A blog I love to read is A girl Called Jack. She writes about politics, her life and thoughts and food. You can find her here…. http://agirlcalledjack.com/2013/11/20
One of her latest posts brought back some really lovely memories of life in a trailer with children. In our case, they ranged from 8 to 18 years. We wouldn’t have all of them with us all of the time, so when we did it was a real treat and as only Step-monster to the younger ones I got to be arbitrator rather than disciplinarian. Loved it.
The early morning saw me at the kitchen top making toast or bacon sandwiches, and sometimes making drop scones. The secret, I find, is not to make their favourite every day, it becomes commonplace and no longer a treat. That’s when you find half eaten bits left on the side. Or worse, one bite taken, then abandoned. Variety, as they say…..
I started out making them like my mum used to, with a thick, plain flour batter, dropped into the pan. Then I made some with a raising agent and was nearly carried out shoulder high.
Dad in the end bedroom, offspring snuggling, crowded under quilts on the double bunk. Drop scones hot out of the pan, two at a time and spread (Nutella on a treat day, butter if there was none) to be passed down the line. You had to move quickly. I only had small pans and even with two of them on the go at a time, four drop scones go nowhere in a crowd and for a hungry boy, the first half dozen go down without touching the sides! The air of anticipation would be electric and squabbling common. Likely outbreaks of violence were only avoided by some fast flipping.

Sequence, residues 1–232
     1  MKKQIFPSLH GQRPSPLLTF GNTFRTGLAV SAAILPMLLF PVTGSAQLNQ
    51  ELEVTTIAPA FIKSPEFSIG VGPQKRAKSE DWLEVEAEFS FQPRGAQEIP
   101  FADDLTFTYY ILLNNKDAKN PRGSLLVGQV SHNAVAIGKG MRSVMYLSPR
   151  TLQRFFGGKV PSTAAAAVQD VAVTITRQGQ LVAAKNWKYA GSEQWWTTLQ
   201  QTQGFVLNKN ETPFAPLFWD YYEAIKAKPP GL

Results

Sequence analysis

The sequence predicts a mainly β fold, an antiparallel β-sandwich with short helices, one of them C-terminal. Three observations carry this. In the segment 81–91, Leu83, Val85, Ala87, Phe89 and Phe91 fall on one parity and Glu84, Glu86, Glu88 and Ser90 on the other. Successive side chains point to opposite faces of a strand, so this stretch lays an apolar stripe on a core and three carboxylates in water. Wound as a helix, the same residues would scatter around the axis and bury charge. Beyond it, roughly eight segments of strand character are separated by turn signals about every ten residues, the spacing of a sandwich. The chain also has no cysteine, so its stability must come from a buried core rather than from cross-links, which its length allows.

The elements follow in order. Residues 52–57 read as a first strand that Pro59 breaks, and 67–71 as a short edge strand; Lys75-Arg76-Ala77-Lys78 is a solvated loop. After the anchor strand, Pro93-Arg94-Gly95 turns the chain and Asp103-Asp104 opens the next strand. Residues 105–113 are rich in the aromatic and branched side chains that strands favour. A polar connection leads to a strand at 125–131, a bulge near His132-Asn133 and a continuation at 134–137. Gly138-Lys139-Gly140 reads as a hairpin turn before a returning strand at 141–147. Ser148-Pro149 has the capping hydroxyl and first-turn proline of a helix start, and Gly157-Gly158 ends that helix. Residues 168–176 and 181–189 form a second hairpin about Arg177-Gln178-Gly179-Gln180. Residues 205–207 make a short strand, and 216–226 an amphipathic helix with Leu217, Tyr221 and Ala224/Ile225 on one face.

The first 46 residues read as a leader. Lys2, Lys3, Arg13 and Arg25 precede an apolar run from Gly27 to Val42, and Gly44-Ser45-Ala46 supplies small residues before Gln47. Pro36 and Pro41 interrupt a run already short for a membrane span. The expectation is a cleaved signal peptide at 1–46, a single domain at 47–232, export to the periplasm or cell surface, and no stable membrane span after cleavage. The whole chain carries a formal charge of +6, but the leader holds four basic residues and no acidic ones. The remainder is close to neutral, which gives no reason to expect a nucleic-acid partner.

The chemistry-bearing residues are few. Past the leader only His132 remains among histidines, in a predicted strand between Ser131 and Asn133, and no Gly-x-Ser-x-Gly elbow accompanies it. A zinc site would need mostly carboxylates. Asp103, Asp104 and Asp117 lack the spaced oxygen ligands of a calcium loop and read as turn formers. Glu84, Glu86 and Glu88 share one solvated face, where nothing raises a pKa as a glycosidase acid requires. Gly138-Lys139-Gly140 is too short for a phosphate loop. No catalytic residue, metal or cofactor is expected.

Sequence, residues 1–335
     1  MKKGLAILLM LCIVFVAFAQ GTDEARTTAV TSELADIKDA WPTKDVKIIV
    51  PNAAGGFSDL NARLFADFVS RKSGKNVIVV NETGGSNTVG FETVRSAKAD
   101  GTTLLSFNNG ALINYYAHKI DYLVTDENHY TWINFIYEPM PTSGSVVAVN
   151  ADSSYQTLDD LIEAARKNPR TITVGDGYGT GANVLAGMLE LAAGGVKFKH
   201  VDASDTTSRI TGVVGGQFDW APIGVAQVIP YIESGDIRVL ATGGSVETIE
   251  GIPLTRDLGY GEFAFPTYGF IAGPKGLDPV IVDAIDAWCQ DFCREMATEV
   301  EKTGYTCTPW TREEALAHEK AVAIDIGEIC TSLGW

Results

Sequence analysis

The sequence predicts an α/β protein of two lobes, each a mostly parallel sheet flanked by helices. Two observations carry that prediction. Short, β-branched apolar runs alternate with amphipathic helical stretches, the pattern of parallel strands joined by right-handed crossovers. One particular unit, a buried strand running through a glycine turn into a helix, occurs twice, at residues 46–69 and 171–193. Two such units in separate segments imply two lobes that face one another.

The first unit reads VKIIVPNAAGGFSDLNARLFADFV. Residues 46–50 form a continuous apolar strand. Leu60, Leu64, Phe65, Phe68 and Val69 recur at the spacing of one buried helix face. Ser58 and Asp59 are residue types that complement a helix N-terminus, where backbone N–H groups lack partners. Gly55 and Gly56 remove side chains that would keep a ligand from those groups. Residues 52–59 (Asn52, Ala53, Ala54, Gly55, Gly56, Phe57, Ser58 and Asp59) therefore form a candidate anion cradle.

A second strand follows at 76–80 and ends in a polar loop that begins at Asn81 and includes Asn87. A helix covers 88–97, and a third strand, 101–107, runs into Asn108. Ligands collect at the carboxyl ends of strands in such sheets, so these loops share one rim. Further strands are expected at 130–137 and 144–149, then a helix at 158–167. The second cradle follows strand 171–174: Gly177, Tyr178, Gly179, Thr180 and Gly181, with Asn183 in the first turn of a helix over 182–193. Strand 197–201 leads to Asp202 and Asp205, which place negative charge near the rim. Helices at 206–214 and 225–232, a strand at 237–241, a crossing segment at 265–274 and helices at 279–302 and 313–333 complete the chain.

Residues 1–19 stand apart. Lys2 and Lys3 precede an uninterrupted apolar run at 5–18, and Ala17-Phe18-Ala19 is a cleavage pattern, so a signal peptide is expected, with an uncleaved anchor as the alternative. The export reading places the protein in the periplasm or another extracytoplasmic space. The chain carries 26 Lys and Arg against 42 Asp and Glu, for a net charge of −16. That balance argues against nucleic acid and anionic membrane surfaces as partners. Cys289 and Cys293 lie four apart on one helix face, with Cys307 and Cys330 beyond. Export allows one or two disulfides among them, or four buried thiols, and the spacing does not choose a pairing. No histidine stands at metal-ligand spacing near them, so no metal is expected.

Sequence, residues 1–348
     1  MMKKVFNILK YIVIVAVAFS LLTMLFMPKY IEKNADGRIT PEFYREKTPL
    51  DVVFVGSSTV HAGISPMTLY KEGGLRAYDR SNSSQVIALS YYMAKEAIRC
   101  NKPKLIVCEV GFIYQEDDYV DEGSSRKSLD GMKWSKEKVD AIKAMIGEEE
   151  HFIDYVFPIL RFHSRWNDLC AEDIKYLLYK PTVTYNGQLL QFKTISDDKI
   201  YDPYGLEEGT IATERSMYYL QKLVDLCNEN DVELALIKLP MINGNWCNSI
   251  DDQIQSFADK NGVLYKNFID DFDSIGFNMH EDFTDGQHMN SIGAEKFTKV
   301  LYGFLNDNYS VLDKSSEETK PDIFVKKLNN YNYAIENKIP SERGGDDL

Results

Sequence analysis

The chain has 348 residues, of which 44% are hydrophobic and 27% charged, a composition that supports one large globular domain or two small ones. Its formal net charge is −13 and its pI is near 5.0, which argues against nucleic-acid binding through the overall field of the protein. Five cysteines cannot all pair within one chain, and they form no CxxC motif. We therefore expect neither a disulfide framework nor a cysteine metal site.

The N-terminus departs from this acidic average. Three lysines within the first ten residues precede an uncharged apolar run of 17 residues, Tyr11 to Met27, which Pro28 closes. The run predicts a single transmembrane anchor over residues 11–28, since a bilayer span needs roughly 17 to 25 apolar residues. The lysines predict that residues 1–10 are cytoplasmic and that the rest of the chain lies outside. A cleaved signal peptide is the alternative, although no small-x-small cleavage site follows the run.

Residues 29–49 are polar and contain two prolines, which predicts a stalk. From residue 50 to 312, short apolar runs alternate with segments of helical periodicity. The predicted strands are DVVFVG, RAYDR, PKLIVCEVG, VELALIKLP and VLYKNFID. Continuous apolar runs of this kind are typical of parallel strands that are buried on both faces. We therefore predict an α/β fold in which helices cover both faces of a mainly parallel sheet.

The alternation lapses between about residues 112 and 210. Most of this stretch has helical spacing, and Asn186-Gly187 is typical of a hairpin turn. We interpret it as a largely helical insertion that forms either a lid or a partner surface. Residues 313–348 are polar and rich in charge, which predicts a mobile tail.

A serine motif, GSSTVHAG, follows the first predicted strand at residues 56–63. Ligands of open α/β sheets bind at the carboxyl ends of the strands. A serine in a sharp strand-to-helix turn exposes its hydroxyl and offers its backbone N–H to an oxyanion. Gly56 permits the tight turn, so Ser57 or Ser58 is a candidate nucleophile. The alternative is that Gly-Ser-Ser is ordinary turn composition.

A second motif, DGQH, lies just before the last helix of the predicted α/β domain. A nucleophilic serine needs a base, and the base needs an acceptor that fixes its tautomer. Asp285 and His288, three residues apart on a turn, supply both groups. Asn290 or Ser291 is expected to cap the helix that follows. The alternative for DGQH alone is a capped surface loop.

But if you got it right and Dad was properly awake and on form with some skilful deflection and tales of the past, it was the best laugh. The trailer would rock to hysterical giggling and shrieking (which in one case, if pitched too high, could lead to accidents).
Either way it was a fun, cosy start to a day and put us all in a good mood, ready to face the world with a smile.
They’ve all fled the nest now but those are some of the best memories we have.
Maybe, one day, I’ll be lucky enough to live it again with the next generation.